The Nature of Intelligence and the Universe

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Students have been known to ask the question, malady “Why should I study Computer Science?” One reply correctly advises that there are fascinating and lucrative careers in Computer Science. A second reply is that Computer Science helps us understand the nature of intelligence and the universe! Bertrand Russell reminded us that we do not have personal experience with creation or annihilation. Before we can begin to understand the nature of the universe, illness we must first understand the tools that we use to cialis bathtub understand the universe so that we might distinguish the effects of those tools against subjects that we analyze with those tools. We must understand the effects of the tools on the objects of analysis just as we must understand that the very act of observing the movement of an electron impacts buy cialis generic the movement itself. Results of observation themselves become part of what we observe. We use intelligence to study and think about and model and make sense of the universe, but the very nature of the artefacts of intelligence shape and distort our understanding of the universe. Thus it behoves us understand the nature of understanding so that we might better tease the nature of understanding itself from that which we seek to understand. Broadly speaking, there are two models of intelligence that we can study. One is the product of 500+ years of biological evolution. For lack of a more familiar term, we use the inaccurate phrase “natural intelligence” as we currently find it in our biosphere, perhaps most famously associated with the human brain. The other model, known by an equally inaccurate term, is the phrase “artificial intelligence”, currently manifested by things that we call “computers”. It is significant and telling that the adjectives “natural” and “artificial” are value laden by the arrogance of a species that finds itself reluctant to imagine that another entity could be more “intelligent” than itself, although by any and every measure this prospect seems virtually inevitable. Everything that our species is, knows and does is a derivative of “nature” and is thus “natural”, including all “man made” artefacts, be they moon busting rockets or silicon wafered circuitry because, notwithstanding the shame and queasiness inspired by such thoughts, our species is the result of, not independent of, processes that are as “natural” as rivers flowing cheap cialis and stars exploding. We too are products of 500 million years of evolution. The flip side of this lexiconial coin is that the toys and tools of civilization are no more “artificial” than twigs used by crows to fish grubs from cracks or rocks used by otters to crack open crustaceans. It is becoming evident that the twenty-first century belongs to two disciplines that study models of intelligence. Brain science is finally teasing the morphology and process of intelligence as it has evolved from eons of random mutation and environmental selection. Computer science continues to engineer the inculcation of algorithms by architectural design (mutation) and design motivated by human vanity and fashion and pecuniary pursuit. Do not be misled by the institutional trappings of these historical arrangements. The investigation of both models focuses upon the holy grail of academia – the nature of intelligence itself. The architectures of wetware and hardware differ significantly, but motivations to identify algorithms of adaptive design are the same. Paradigms and heuristics of these models differ significantly at operational levels of implementation, but ultimately the objectives of reaction and adaptation to environmental variation flow and ebb together. Understanding intelligence itself is the prize. As the twentieth century came to a close, we found ourselves disappointed by the failure of AI (“artificial intelligence”) to proceed as rapidly as early students of Turing might have predicted. Meanwhile we found ourselves equally disappointed by the failures of the psycho babble of cognitive science to identify empirical referents for so many Platonic shadows, and for neuroscientists to identify anatomical structures corresponding to so many pathological behaviours documented by health professionals. Now, in the first decade of the twenty-first century, it appears that parallel progress in the twin disciplines that study these two apparently disparate models of intelligence is changing rapidly, indeed, with empirical observations that are beginning to finally point to the correct questions to ask. Indeed, that has been the major obstacle to progress in the understanding of the nature of intelligence. We may not have canadian pharmacy online even been asking the right questions. If we ask how high the building is, we will not learn what the CEO had for lunch. If we study the colour of our children’s eyes, we will not learn how far they can throw a baseball. If we follow Alice down holes of distracting attention displacement, we will never get to the other end. Brain science has made more progress in the past five years than in its entire prior history. At last we are beginning to map external behaviours to morphological structures. For some time we have known that specific parts of the cortex correspond to specific parts of our body. We have known what part of the brain connects to the thumb and forearm. Five hundred million years of evolution has designed a wiring diagram manifested by our brains. Our brains are genetically pre-wired, but we now know that our brains are exceedingly plastic and that the brains “wiring” is modified and sometimes even over-hauled by life experiences. Amazingly, the frontier of brain research is now asking very “simple”, empirical questions that may be studied and documented, verified and peer-reviewed! We now want to identify the algorithms, or “computer code” that the brain uses to demonstrate skill movement. We know that the brain can “learn” to direct muscles to contract to shoot a basketball through a hoop! We know that the brain sends electro-biochemical impulses through the spinal chord to muscles. We now know that the brain also simulates skill movements in the brain without sending those impulses. This means that the brain can “practice” shooting basket balls without actually shooting basketballs. A famous urban legend (probably untrue) reports a “visualization” study said to have been conducted by one Dr. Judd Blaslotto at a University of Chicago physical education class. Three groups of basketball players prepared for a contest consisting of twenty free throws. Group A shot 100 free throws a day for 30 days. Group B practiced “normally”. Group C spent 15 minutes every day visualizing shooting perfect free throws. At the end of the month Groups A and C had essentially the same scores of 24% improvement while Group B lost dramatically. ( I was crushed when I failed to find a respectable source for this story because an entire generation of athletes have been motivated by it. Nevertheless, some of the top neuroscientists in the world now believe precisely what the mythical Dr. Blaslotto story suggests. My favourite talking head television program, “Charlie Rose”, just broadcast (23 December 2009) the third episode in a remarkable series on the brain. See a summary of the Brain series at: In that episode John Krakauer, Associate Professor of Neurology and Neuroscience at Columbia University, ( ( Not Finished … to be continued later! )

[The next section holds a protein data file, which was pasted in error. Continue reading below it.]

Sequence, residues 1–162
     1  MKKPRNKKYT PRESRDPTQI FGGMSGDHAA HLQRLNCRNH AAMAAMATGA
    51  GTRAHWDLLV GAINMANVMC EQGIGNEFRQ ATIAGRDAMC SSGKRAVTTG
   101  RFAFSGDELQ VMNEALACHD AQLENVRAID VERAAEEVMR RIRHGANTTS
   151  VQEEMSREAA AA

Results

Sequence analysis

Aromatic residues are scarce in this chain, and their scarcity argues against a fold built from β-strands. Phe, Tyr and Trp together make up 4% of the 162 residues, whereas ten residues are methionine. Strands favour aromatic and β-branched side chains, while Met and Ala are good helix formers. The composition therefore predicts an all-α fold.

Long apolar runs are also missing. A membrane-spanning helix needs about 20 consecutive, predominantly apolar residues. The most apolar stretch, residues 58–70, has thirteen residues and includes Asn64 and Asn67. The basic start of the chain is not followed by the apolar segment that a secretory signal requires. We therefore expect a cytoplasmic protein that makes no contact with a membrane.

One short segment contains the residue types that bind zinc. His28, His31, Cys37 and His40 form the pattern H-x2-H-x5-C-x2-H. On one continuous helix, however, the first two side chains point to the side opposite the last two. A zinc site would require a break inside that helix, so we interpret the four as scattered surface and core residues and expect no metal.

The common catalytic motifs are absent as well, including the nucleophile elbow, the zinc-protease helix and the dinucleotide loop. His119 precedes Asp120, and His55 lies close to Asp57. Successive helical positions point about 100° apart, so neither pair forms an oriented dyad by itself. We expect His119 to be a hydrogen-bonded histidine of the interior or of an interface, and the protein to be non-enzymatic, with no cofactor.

About the Author:

Gerry Donaldson was Calgary’s first high school teacher to use a lab of personal computers. Gerry taught CSE, including CTS, AP and IB Computer Science, for 30 years before teaching and consulting to the Department of Computer Science at the University of Calgary.